- We were both in the same singles class in NC. I cast him as an extra in a couple of my video productions. We lost touch once I moved. Then he showed up on a mutual friend’s list on Facebook, and I sent him a note to add him. Who knew that note would change everything?!
He knew pretty quickly that God was speaking to him about me and my future place in his life. It took a little longer for me to cooperate with God’s plan. He still lived in North Carolina. So we got to know each other again, long distance, for six months. Then on trips to visit my NC family, we finally had a chance to date. It only took three months of dating to get engaged. Then we had three months to plan our wedding. We didn’t waste any time.
- Was it worth the wait?
- Absolutely. I will say, having a short dating and engagement season helped since we already knew each other so well by that point. It’s like once we knew what God was leading us to do, why drag it out? Especially at our age. He was 40 and I was 39 when he proposed. And as I joke in the intro of my book which I wrote long before he entered the picture, I did not want the title of 40-year old virgin.We were excited about the idea of being together intimately once we got married. Thankfully it was never a question of whether or not we’d give in before the wedding.
We knew we wanted God to be first in our relationship, not our “desires”. We wanted God’s best, and we knew being obedient to His plan was important. So yes, this was a very biblically-driven decision. But we both felt it was the right thing to do. When you do the right thing, there is no guilt or shame attached. Do I regret not having other partners first? Heck no! I’m glad that my husband is the only one I will ever know that way.
- Besides your faith, what else helped make the wait easier?
- Watching other girls, who weren’t waiting for marriage, go through heartbreaks when relationships ended. They’d given themselves away to those guys only to have that part of themselves ripped away. There was no commitment to follow. (Often girls will give in because they think it’s how to save a relationship.) That never appealed to me.I do tend to learn from other people’s mistakes. I had a hard enough time getting over a horrible break up when we didn’t sleep together. (The last one before I started dating my husband.) I couldn’t imagine how much harder it would be if I had let it go that far intimately.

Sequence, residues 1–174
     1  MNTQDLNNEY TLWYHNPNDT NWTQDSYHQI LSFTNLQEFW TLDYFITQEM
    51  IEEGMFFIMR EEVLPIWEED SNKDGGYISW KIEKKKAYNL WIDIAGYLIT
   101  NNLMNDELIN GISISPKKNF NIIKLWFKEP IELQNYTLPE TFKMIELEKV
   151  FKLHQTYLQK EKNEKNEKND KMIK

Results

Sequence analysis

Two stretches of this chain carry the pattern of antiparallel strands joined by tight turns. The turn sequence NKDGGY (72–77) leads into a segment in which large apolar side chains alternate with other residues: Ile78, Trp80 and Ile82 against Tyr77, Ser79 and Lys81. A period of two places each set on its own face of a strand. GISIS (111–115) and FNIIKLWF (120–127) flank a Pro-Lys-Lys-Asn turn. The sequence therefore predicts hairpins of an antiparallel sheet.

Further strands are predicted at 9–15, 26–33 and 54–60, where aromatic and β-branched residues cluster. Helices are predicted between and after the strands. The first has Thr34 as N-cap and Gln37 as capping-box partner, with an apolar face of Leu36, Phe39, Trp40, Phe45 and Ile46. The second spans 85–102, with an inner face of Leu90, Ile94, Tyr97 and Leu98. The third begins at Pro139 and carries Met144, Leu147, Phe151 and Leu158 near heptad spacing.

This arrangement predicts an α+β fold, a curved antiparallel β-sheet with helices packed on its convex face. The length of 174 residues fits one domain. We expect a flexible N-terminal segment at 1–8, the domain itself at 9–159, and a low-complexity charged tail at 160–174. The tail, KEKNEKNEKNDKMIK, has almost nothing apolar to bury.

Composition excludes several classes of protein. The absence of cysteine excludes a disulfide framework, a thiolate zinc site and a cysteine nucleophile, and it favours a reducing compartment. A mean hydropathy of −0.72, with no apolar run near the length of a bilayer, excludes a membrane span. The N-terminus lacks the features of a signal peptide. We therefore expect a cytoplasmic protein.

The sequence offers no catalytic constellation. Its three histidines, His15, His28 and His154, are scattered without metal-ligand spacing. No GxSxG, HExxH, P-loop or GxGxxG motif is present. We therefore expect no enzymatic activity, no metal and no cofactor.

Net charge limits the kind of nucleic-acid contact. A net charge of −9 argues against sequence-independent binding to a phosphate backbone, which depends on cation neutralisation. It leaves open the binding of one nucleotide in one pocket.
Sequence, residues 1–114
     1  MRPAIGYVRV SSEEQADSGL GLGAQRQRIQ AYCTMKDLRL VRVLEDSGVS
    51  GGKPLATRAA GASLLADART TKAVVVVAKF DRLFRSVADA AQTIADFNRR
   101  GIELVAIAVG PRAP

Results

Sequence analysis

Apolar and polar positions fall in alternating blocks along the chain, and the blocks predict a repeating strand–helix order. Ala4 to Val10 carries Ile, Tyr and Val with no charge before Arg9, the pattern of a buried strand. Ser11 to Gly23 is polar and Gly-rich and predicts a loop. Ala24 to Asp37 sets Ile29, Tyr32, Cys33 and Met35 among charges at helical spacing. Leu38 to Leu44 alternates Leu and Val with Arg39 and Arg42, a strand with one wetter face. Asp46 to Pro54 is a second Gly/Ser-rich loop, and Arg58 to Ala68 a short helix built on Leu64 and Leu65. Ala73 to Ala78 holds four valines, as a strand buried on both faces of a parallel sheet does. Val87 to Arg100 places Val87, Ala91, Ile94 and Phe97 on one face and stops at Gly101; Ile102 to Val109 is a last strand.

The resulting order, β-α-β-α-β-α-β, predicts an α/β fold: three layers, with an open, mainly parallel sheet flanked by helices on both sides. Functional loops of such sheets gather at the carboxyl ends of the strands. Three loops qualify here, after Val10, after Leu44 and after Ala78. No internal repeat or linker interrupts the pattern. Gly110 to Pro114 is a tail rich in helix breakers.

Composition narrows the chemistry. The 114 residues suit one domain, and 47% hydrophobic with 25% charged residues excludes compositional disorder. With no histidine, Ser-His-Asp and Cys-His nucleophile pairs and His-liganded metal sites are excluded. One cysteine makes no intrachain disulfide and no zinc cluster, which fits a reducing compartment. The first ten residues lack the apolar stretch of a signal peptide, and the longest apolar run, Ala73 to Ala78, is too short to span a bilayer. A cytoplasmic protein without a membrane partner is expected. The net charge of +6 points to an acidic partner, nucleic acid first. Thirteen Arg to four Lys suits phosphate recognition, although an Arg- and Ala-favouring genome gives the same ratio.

There is no “condom” to protect you emotionally.
While I always understood the hazards of things like pregnancy out of wedlock or STD’s, they were never the driving factors that helped me say “No.” It was usually the emotional attachment component I didn’t want until it was with my “one”. It’s not just about staying physically safe. There is a spiritual dynamic to this. There is no “condom” to protect you emotionally. The Bible is clear that sex is not just physical but spiritual. I didn’t want that baggage following me into future relationships.
- Before you met your husband, did you spend a lot of time analyzing your past relationships, trying to figure out what went wrong? Or did you always have faith that they weren’t right for you?
- Oh, I am a big analyzer. I work out my thoughts on paper. You know the cliché; hindsight is 20/20. I may not have known right away the rejections were good for me. But I sure as heck know that now. I never knew I could love a person as much as I love him. While I usually landed in a place where I could see rejection as a gift or God’s direction, sometimes it took a while to feel that way.
- Does having your happy ending help to wash away all of the pain and frustration of your wait?
- It actually does. I didn’t believe that it could when I was on the front end of that. But many told me it’s like having a baby and you “forget the pain.” Once the wait is over, it really does redeem a lot of what you went through. Especially if you are able to understand why it couldn’t have happened a day sooner than it did.
My husband and I were able to compare notes about what was happening in our lives over the years and why it couldn’t have happened sooner than it did. He was definitely worth the wait, because he’s wonderful. When I now think back to all the guys I thought I wanted, I see clearly I didn’t know what I was asking for. God gave me is so much better. People often comment on how it seems we’ve packed a lot of life into two years of marriage. And we have. I feel like we’re making up for some lost time.
About her new book, Finally the Bride…
- Can you give us a quick summary of your new book, Finally the Bride?
- I wrote 90% of that book while I was single, frustrated, and waiting to find love. So many who are single will relate to it. I am brutally honest about the ups and downs of singlehood, how frustrating it got to constantly wait. It wasn’t just about waiting for sex (which of course is a huge part of it), but waiting for friendship, intimacy, marriage, starting a family. I got to be very straightforward about what it’s like to be single in a seemingly “couples” world, with your age creeping up and no end in sight to the wait.
- What life experiences inspired you to write Finally the Bride?